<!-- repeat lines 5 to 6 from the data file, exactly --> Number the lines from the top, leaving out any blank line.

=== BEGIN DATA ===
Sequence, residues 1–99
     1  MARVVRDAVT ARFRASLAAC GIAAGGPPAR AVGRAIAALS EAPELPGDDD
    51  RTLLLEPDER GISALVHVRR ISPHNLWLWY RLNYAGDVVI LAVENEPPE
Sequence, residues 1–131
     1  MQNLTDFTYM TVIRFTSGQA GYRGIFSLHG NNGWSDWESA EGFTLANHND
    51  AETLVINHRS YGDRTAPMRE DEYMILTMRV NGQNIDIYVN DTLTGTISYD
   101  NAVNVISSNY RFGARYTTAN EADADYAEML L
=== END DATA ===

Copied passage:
     1  MQNLTDFTYM TVIRFTSGQA GYRGIFSLHG NNGWSDWESA EGFTLANHND
    51  AETLVINHRS YGDRTAPMRE DEYMILTMRV NGQNIDIYVN DTLTGTISYD